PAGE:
New name for censor board, plans outlined -Pakistan Press Foundation (PPF)

Paksitan Press Foundtion

New name for censor board, plans outlined

Pakistan Press Foundation

KARACHI: The new chairman of the Sindh Board of Film Censors, Fakhr-e-Alam, announced ambitious plans for the SBFC at the Karachi Press Club on Thursday.

The well-known TV personality said that his first priority was to remove the word ‘censor’ from the name of the SBFC and have it renamed as the Sindh Film Certification Board and Development Authority. Next up he said would be to introduce various categories of film certification. “Right now there are only two categories U and A, but we need to introduce a proper rating system such as PG-13, PG-15 and PG-18,” he said.

Despite his busy schedule with business concerns in seven countries, Mr Alam said he had no plans of becoming a symbolic office-holder and would ensure that the national anthem was played before every film screening in multiplexes.

“Let me make it clear, I am not going to be a decoration chairman and I will do something to have the national anthem played in digital cinemas [as well).”He added that he was keen to make changes to the Sindh Motion Pictures Act, 2011 as many of the provisions in the Act were outdated and vague. “The penalties are not severe enough if violations are committed. Also there is no mention of new film formats such as Blu-ray discs, DVD and others in the Act.”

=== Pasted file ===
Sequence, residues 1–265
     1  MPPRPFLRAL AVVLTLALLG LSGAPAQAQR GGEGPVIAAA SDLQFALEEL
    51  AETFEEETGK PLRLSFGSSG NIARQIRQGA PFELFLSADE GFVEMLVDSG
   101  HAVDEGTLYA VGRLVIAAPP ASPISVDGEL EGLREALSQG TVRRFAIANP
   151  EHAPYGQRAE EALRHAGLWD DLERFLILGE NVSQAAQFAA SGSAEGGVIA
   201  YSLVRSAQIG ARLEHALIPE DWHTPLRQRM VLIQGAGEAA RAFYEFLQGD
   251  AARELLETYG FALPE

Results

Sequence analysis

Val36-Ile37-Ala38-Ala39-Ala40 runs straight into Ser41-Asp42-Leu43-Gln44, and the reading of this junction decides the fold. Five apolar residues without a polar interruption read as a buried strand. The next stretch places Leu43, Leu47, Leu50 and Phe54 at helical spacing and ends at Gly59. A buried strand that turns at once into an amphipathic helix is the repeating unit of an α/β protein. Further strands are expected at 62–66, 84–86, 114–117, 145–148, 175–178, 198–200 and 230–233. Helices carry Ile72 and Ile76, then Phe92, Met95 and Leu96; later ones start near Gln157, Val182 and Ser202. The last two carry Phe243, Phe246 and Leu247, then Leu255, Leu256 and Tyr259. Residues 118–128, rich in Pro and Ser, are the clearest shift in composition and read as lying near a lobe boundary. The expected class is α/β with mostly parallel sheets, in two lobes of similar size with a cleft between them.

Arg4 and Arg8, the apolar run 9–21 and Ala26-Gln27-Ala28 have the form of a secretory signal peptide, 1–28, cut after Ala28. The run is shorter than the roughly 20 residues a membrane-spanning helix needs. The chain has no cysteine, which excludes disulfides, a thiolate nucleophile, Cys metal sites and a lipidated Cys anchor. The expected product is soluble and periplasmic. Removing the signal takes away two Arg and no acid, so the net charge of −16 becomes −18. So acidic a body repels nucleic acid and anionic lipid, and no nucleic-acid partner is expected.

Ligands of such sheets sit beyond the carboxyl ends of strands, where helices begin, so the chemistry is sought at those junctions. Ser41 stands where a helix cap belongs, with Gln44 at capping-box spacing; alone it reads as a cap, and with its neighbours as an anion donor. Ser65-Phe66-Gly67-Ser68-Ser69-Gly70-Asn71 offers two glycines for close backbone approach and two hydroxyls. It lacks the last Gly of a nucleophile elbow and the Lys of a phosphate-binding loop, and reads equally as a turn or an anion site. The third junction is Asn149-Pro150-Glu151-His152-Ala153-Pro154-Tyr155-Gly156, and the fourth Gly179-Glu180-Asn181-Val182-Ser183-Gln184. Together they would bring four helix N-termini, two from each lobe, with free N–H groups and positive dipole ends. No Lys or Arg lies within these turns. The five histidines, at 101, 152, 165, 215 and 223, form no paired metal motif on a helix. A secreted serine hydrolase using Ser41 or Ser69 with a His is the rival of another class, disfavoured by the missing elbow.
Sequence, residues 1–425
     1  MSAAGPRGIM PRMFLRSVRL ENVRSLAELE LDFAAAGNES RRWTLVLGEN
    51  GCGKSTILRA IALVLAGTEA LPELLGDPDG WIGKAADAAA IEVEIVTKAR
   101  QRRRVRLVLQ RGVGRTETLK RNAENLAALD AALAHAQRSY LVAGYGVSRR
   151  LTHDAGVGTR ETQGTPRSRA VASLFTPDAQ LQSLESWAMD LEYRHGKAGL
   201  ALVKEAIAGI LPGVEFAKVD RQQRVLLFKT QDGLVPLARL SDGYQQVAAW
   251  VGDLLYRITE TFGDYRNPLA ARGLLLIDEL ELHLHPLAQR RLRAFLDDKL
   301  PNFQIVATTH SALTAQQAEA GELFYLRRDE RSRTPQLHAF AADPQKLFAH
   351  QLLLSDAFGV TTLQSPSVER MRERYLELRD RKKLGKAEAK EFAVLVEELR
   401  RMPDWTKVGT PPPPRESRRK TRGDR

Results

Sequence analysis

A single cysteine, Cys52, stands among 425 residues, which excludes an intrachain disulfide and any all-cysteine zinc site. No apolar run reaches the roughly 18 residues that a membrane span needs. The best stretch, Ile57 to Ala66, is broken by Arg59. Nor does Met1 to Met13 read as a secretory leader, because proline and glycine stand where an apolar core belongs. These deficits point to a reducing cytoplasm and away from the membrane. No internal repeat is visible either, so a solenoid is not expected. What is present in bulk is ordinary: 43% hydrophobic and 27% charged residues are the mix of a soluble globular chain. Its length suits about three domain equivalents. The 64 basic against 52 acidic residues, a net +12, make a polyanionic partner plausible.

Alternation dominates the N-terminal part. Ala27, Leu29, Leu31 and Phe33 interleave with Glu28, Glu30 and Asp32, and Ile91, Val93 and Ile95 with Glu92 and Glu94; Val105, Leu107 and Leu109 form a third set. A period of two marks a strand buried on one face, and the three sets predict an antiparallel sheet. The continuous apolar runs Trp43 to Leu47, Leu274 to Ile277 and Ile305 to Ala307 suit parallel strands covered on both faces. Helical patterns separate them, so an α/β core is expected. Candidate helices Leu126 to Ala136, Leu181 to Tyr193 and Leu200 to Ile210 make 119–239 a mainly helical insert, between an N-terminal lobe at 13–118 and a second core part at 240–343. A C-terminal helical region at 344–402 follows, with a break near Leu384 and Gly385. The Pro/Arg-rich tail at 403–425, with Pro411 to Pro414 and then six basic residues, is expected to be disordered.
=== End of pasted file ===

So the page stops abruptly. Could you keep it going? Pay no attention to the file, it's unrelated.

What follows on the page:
His other plans for the film censor board included reining in the cable operators who were playing films that were uncensored and pirated, and if they did not comply, Mr Alam said he would have formed an enforcement team of sorts in every locality to check the illegal workings of cable operators and report to his office so that appropriate action could be taken.

About reconstitution of the SBFC, Mr Alam said that since he had just taken charge (according to his official twitter account falamb3, he took official charge on Sept 17), he had asked his staff to give him a report about the members of the SBFC and would have to see if it needed to be reconstituted.

He added that he would like the members of the SBFC to work on a rotational basis when censoring films.

Regarding the lack of a film screening room on the SBFC premises, Mr Alam said he was planning to work on a proposal of a physical structure under a public-private partnership that would comprise a screening room, SBFC offices and a film institute.

DAWN